Former chancellor Kohl testifies at bribery trial

3rd August 2005, Comments 0 comments

3 August 2005, AUGSBURG, GERMANY - Former German Chancellor Helmut Kohl took the witness stand Wednesday at the trial of a one-time top Bonn espionage official who has admitted taking millions in bribes during the early 1990s.

3 August 2005

AUGSBURG, GERMANY - Former German Chancellor Helmut Kohl took the witness stand Wednesday at the trial of a one-time top Bonn espionage official who has admitted taking millions in bribes during the early 1990s.

The ex-chancellor said he had no knowledge of pressure being brought to bear by defendant Ludwig-Holger Pfahls to bring about the sale of armoured vehicles to Saudi Arabia.

Instead, Kohl said he personally had made assurances to U.S. Secretary of State James Baker that the sale would go through in 1990.

His testimony came a day after his one-time foreign minister, Hans-Dietrich Genscher, also took the stand.

Shedding little new light on the affair, Genscher told the court in Augsburg he had no direct knowledge of illicit kickbacks being taken for sales of German military hardware overseas.

Pfahls, 62, who was caught last year in Paris after five years on the run from German investigators, admitted at the start of proceedings June 28 that he had taken some EUR 2 million in bribes for deals with Saudi Arabia and the United States for delivery of armoured vehicles.

Pfahls has claimed the Saudi bribes were necessary to expedite the transaction, saying he was under pressure to arrange speedy deals. He denies accusations of influence-peddling, saying he had no influence to peddle.

Pfahls, a former judge, was one of the high fliers of the former German capital, Bonn. After a term as head of the German domestic counter-espionage agency BfV, he became junior minister at the Defence Ministry.

After retiring from public life in 1992, he joined DaimlerChrysler as a senior executive, first in Brussels and then in Singapore. Then he simply vanished, after having been last seen in Asia, and stayed out of sight for five years, apparently with a false identity.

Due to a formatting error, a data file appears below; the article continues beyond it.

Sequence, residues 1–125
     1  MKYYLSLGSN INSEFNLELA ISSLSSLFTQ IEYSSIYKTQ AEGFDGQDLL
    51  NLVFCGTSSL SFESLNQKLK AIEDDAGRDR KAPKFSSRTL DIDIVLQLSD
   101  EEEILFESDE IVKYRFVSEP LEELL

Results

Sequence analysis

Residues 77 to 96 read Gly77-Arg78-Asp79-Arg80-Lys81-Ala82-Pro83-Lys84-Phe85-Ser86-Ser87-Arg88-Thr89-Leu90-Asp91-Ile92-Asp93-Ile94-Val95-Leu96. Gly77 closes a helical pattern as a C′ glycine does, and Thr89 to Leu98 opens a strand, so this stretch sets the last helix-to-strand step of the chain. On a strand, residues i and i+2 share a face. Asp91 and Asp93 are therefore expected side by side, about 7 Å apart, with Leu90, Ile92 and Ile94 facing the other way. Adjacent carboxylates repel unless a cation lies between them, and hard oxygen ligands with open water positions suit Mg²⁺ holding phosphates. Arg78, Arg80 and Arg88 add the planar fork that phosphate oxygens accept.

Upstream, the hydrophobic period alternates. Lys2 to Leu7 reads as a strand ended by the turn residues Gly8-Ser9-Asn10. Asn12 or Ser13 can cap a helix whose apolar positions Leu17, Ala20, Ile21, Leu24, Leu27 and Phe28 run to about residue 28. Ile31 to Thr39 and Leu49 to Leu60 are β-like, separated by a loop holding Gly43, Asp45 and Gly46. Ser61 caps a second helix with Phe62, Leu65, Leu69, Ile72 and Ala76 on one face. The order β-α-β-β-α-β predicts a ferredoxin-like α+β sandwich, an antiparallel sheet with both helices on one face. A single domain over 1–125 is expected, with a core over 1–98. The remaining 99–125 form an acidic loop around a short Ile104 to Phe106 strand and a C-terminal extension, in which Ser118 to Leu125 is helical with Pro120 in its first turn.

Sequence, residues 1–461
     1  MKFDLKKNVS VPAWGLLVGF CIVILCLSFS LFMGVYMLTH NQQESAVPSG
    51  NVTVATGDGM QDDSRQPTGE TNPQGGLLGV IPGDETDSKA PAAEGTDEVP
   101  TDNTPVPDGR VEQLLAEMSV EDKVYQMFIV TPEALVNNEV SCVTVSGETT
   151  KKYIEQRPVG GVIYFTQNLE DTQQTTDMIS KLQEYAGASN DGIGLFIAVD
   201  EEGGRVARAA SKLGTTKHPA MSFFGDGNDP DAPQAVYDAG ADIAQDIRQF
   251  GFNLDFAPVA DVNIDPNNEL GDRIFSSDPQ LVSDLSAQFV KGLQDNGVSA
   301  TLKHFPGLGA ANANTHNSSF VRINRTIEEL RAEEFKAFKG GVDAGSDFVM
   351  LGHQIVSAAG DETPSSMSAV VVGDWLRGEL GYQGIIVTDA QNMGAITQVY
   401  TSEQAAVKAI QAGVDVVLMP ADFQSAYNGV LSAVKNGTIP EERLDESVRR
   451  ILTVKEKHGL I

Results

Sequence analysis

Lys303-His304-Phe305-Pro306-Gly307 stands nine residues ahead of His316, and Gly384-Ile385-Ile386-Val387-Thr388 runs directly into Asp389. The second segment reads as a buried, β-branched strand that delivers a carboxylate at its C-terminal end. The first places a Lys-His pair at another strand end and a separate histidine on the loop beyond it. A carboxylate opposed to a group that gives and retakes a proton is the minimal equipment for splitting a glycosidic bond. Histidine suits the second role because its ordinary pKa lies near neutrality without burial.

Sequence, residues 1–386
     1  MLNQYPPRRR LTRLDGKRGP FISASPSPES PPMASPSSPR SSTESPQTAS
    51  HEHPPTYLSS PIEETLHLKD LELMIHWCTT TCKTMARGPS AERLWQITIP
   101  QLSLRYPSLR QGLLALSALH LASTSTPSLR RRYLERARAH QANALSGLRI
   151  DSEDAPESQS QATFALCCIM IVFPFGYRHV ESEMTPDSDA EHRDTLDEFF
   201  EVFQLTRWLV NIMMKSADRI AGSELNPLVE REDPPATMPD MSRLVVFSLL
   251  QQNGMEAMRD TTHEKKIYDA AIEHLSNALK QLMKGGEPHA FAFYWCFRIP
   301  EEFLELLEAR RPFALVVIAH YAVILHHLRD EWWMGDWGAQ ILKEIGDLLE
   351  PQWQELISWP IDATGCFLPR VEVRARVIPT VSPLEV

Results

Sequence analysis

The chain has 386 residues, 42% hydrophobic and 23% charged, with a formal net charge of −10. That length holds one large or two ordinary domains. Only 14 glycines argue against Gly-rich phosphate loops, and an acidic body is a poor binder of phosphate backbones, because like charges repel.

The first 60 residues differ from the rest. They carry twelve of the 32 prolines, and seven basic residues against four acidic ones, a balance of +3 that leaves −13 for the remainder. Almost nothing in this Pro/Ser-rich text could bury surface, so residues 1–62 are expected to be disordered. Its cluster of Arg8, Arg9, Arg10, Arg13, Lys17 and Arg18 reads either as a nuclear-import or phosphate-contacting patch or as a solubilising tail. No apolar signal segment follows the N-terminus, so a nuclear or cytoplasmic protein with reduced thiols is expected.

Germany put the man who knew some of its most sensitive secrets on the international criminal wanted list.

Pfahls stands accused of bribe-taking and failing to declare the bribe as taxable income.

The prosecution indictment says Pfahls received some EUR 2 million as a bribe from Karlheinz Schreiber, a German lobbyist believed to have set up the armoured vehicle sale.

Germany, which has strict laws against exporting arms to zones of conflict, approved a sale of 36 Fuchs armoured reconnaissance vehicles to Saudi Arabia despite high-level opposition.

The wheeled ARVs (Armed Robotic Vehicles) are designed to check battlegrounds for nuclear, biological and chemical agents before troops deploy. At the time, the Saudis were concerned that they might face a chemical attack from Iraqi dictator Saddam Hussein.

Pfahls, as a state secretary, had oversight over arms control policy and put his stamp of approval on the deal, worth about EUR 223 million, despite the fact that then foreign minister Genscher and German military leaders opposed it.

DPA

Subject: German news

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